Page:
Astrophotographer Andrew McCarthy‘s love of outer space was sparked over 20 years ago while exploring the solar system through his father’s telescope. A few years ago, after finding a free telescope on Craigslist, his interest was renewed and he set down the difficult path of learning the technical aspects of astrophotography. Over time, his tenacity paid off, as exemplified by an incredible photograph of the solar system shot almost entirely in his backyard.
The stunning composite not only shows our solar system’s planets, but also includes the Moon and Sun, as well as Comet 46p/Wirtanen and the International Space Station set against the Milky Way. The surprisingly sharp, balanced composition demonstrates just how much McCarthy has honed his craft over the years, and it is a testament to his skill as an astrophotographer.
So how’d he do it? The equipment list is vast, with different cameras and telescopes needed for different elements of the final image. Venus, Mars, Saturn, and Jupiter were captured with an Orion XT10 telescope and ZWO ASI224MC camera. McCarthy captured 8,000 to 10,000 frames each at .25-.75ms and then cropped, centered, aligned, and stacked them for the perfect shot.
Tackling Uranus was a bit different. While McCarthy continued to use the same telescope, he switched to a Sony A7ii and Skywatcher EQ6-R Pro for a single 30-second exposure at 6400 ISO. This same setup was also used to photograph Comet 46p/Wirtanen, except this time McCarthy took 60 different 30-second exposures at 6400 ISO and then manually aligned everything in Photoshop. The comet, along with the Milky Way, is one of two elements not shot in his backyard in Sacramento. For this particular image, the shoot was located in Sly Park, California.
The International Space Station required the same setup as the majority of the planets—Orion XT10 and ZWO ASI224MC. Here he researched the ISS’s projected path and aimed his camera in that direction. In the end, he shot 25,000 frames at .32ms over the course of two passes. After converting the frames to 2,000 TIFF files, he handpicked the best 25 to align and stack in Autostakkert for the final photo.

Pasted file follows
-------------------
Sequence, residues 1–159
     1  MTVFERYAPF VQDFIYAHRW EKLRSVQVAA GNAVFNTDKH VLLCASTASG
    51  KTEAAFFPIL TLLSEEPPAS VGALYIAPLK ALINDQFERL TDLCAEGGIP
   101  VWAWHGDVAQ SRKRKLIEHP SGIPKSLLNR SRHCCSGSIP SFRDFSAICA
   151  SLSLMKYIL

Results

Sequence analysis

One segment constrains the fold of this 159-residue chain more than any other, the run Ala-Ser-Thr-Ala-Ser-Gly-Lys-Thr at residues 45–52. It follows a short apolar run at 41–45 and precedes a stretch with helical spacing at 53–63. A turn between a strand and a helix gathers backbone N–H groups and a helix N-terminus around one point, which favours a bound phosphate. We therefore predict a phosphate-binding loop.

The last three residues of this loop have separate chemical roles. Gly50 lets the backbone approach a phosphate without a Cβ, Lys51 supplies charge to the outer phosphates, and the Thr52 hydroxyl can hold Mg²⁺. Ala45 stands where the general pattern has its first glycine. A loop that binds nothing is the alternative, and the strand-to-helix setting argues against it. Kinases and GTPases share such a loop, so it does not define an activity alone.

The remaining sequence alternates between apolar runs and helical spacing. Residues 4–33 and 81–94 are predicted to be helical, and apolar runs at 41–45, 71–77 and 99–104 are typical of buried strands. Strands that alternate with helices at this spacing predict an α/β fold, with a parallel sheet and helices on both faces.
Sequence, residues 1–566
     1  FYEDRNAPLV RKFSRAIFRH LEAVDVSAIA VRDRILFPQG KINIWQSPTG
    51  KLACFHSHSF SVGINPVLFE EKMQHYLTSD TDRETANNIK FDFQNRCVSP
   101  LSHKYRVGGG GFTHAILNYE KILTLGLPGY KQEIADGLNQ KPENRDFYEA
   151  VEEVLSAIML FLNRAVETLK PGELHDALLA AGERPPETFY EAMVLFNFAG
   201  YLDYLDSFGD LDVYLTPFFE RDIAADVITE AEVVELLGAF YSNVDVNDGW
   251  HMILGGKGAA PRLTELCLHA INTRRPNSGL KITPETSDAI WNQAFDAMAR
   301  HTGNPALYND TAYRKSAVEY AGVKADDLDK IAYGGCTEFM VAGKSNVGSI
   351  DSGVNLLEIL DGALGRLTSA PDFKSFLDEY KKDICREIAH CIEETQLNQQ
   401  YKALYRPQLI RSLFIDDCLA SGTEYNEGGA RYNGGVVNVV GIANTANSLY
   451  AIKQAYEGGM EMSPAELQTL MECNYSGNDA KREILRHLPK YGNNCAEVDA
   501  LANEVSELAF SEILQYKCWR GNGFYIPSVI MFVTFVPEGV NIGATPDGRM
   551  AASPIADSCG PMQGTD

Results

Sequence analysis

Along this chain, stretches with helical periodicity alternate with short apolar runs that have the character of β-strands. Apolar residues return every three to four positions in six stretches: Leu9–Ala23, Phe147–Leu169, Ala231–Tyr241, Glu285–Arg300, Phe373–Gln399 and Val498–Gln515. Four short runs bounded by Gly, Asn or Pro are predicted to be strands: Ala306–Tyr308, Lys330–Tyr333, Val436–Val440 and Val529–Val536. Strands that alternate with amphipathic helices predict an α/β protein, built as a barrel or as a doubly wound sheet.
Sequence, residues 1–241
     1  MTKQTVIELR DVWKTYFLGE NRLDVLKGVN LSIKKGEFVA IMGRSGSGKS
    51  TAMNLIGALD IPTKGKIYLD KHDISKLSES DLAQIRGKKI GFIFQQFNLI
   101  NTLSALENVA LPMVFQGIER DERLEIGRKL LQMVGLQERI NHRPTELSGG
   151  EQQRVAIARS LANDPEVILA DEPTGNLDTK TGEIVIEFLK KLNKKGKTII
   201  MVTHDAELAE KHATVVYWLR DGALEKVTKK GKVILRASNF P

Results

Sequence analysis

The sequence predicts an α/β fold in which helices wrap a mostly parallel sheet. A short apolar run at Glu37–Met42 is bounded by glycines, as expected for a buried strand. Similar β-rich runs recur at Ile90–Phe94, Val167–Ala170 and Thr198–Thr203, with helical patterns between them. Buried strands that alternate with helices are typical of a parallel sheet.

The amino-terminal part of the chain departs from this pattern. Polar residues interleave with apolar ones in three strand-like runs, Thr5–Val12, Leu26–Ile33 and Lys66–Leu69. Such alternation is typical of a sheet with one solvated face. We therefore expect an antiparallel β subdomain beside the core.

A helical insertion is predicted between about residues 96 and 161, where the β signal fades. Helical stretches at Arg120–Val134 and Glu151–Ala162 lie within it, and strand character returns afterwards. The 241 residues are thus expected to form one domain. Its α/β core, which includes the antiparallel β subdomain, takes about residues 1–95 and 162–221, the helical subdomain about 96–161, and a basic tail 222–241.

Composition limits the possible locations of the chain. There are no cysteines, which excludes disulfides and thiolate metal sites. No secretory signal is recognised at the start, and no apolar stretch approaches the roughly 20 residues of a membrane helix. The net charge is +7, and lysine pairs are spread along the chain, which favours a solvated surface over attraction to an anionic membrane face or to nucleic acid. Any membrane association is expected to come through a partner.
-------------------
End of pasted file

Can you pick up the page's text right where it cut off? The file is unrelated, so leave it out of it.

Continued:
The Moon is the result of 1,000 frames for each component of a 24-panel mosaic taken at .25ms using the Orion, Skywatcher, and ZWO. Thanks to an Orion Safety Solar Filter, McCarthy was able to photograph the Sun in one spectacular 1/200″ shot at 50 ISO using the Orion, Skywatcher, and Sony A7ii.
To create the spectacular background, all he needed to do was shoot the Milky Way. Again, for this image, McCarthy had to move locations, this time to Lundy Lake, California. An entirely different setup was necessary to get all the fine details of our galaxy. McCarthy used a Meade 2120 telescope with a piggyback mount, Canon 60D camera, and 28-80mm lens set at 28 mm. The final result comes from a single 3-minute, f/9 exposure at 3200 ISO.
After all the hard work of shooting the photographs, the real labor began in the processing, which took anywhere from hours to days depending on the object. The final arrangement of objects in Photoshop took just 30 minutes, with the resulting composite photograph a triumph of astrophotography. It’s a fitting reward for McCarthy, whose biggest challenge has been learning how to produce clear photos using amateur equipment from a city filled with light pollution.
For McCarthy, the desire to push himself has been well worth it. And though astrophotography can get lonely at times, his cousin and fellow photographer Colin Matthewson often accompanies him on shoots and helps with equipment, making this hobby a family affair. McCarthy posts his work on Instagram under the @cosmic_background account. Those interested in prints are welcome to DM him for information.